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Should the deal be allowed to fly, the regulator fears the company will limit the blockbuster titles from Activision Blizzard to its console alone.
The previous acquisition agreement between American multinational tech company, Microsoft Corporation (NASDAQ: MSFT) and gaming giant Activision Blizzard Inc (NASDAQ: ATVI) is now in doubt after the United Kingdom Competition and Markets Authority (CMA) flagged the deal for anti-competitive tendencies.
As reported by CNBC, the CMA shared some recommendations in what appears as a provisional decision on Wednesday. According to the regulator, the acquisition of Activision Blizzard will be detrimental to the gaming community in the United Kingdom as the tendency for Microsoft to monopolize some of the game titles is high.
As reported by Coinspeaker early last year, Microsoft reached an agreement to take over Activision Blizzard for the sum of $69.3 billion. The deal, posited as one of the largest in the Merger and Acquisition (M&A) world was doubted at the time as the chances for antitrust scrutiny were very glaring.
The UK CMA opened its investigation into the deal back in July and it may move to block the deal following the updates shared on Wednesday. The CMA has four different recommendations for the companies including selling the business associated with its popular Call of Duty franchise; divesting the Activision segment of Activision Blizzard; divesting both Activision and Blizzard; or terminating the deal completely.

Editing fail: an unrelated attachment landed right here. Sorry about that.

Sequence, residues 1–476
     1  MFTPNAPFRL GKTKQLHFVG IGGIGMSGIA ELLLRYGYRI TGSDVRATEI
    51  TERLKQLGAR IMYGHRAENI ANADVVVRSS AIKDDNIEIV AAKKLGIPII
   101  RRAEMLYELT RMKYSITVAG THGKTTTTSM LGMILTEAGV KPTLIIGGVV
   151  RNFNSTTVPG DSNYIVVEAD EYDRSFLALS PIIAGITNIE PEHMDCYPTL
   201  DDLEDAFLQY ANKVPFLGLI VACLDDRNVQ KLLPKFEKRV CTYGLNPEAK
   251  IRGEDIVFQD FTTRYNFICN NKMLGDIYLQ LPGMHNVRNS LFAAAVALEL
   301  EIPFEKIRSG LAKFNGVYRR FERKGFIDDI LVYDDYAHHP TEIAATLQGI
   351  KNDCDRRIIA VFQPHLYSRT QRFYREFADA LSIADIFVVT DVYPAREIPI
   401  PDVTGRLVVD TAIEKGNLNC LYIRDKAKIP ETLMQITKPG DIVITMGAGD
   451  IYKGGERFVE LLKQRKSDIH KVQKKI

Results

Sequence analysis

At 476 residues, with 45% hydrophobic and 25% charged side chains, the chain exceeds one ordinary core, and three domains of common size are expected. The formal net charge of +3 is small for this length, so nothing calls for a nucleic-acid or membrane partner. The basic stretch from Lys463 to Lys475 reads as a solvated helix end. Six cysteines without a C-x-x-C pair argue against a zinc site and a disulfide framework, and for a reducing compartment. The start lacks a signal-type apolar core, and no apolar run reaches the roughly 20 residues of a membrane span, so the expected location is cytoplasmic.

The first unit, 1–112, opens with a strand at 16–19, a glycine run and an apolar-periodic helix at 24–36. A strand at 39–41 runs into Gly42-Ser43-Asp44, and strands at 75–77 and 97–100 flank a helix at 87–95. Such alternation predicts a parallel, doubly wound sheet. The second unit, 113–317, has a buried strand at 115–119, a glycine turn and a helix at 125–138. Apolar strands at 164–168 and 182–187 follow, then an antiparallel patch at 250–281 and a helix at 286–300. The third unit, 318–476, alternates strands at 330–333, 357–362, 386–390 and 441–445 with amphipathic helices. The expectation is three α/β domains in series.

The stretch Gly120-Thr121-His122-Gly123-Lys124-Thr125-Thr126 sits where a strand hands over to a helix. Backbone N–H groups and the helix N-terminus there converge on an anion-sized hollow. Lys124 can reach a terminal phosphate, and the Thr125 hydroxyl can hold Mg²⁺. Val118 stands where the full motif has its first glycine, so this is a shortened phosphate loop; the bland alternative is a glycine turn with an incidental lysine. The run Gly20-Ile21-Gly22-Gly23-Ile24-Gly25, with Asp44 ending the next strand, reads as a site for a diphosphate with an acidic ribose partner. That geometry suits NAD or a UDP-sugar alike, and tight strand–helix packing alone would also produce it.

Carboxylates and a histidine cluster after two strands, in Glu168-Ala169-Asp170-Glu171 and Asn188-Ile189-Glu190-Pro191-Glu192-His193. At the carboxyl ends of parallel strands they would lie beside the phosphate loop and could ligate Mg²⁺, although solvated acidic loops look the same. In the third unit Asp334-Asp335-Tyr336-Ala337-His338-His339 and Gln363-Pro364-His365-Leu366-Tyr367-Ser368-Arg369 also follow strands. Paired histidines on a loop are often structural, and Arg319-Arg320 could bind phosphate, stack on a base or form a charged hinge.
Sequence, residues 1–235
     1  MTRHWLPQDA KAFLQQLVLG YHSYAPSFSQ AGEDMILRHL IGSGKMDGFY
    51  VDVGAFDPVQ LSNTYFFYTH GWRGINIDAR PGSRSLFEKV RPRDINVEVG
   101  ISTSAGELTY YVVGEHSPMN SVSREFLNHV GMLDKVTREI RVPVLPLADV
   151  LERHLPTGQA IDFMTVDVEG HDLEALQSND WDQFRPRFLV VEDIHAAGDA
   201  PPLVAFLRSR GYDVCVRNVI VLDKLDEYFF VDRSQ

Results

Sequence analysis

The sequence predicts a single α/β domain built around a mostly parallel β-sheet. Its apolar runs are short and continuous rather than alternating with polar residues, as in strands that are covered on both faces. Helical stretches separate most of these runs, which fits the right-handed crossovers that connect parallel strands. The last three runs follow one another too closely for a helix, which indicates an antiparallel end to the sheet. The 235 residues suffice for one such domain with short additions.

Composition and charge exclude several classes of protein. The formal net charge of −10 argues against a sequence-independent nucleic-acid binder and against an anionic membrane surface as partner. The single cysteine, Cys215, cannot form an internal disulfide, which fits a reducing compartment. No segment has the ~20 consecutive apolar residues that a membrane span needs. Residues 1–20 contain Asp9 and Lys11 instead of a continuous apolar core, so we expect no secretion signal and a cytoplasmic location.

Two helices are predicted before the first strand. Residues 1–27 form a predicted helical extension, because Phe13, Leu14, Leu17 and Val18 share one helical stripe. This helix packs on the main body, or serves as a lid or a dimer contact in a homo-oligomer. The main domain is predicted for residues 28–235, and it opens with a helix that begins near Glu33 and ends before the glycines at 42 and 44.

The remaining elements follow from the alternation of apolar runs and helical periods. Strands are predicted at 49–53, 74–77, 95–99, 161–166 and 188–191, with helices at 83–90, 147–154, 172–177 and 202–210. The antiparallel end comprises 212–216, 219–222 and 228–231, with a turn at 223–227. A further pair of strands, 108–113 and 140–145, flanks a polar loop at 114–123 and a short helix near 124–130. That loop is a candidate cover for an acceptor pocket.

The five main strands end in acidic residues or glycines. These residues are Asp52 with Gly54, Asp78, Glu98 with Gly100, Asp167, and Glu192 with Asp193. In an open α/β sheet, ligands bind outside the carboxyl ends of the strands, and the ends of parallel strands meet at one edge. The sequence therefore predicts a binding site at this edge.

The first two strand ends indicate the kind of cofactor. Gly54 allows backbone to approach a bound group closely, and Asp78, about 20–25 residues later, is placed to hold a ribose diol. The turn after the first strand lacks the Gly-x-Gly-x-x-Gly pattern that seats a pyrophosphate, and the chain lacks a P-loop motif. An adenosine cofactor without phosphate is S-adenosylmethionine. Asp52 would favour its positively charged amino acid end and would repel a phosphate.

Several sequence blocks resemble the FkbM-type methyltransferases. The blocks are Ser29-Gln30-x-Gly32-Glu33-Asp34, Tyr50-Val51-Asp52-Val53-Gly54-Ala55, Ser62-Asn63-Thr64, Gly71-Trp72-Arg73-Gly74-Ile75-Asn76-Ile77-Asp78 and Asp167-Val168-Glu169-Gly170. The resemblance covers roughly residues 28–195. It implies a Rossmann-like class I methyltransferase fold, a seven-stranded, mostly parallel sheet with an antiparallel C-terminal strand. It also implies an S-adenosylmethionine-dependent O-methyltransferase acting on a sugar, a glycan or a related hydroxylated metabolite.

The notice was sent to both Microsoft and Activision Blizzard on February 22 to file a response as the regulator works towards a final verdict by April 26. Per the concerns shared by the CMA, it fears Microsoft could monopolize the yet-to-be-popular Cloud gaming market.
Microsoft owns the Xbox console which competes with Sony Corporation’s (NYSE: SNE) PlayStation and Nintendo’s Switch. Should the deal be allowed to fly, the regulator fears the company will limit the blockbuster titles from Activision Blizzard to its console alone.
Microsoft and Activision Blizzard Inc’s Response to the CMA
Following the initial decision from the CMA, Microsoft’s Corporate Vice President and Deputy General Counsel Rima Alaily said it is “committed to offering effective and easily enforceable solutions that address the CMA’s concerns.”
The duo of Microsoft and Activision Blizzard has maintained that its plans to merge will not pose any anti-competitive challenges in the industry. The companies said they have made commitments to Sony and Nintendo to make the Call of Duty Franchise available on their respective consoles for the next 10 years.
Activision Blizzard CEO Bobby Kotick said the law and the facts are on its side in an emailed statement to employees.
“In this case, our combined companies will bring more competition to an already crowded field of world-class gaming competitors, including Sony, Tencent, NetEase, Apple, Amazon, and Facebook,” Kotick said. “We believe this merger gives us additional resources to compete with such giants.”
Besides the UK, the deal between both companies is also awaiting an antitrust verdict from the US Federal Trade Commission (FTC) and the European Commission.